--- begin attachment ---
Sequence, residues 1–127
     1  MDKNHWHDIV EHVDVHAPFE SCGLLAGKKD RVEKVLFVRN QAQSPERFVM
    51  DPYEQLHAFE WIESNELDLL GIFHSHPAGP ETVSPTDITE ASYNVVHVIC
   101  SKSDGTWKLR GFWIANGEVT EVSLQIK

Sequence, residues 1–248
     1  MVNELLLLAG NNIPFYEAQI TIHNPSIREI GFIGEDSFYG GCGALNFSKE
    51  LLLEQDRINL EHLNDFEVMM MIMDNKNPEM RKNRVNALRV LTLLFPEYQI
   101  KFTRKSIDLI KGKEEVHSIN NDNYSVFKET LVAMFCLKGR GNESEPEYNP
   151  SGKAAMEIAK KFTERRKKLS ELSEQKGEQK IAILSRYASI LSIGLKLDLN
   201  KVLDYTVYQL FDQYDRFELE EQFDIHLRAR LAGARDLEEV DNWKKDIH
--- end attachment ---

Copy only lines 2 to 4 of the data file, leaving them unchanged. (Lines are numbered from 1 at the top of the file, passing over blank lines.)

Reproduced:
     1  MDKNHWHDIV EHVDVHAPFE SCGLLAGKKD RVEKVLFVRN QAQSPERFVM
    51  DPYEQLHAFE WIESNELDLL GIFHSHPAGP ETVSPTDITE ASYNVVHVIC
   101  SKSDGTWKLR GFWIANGEVT EVSLQIK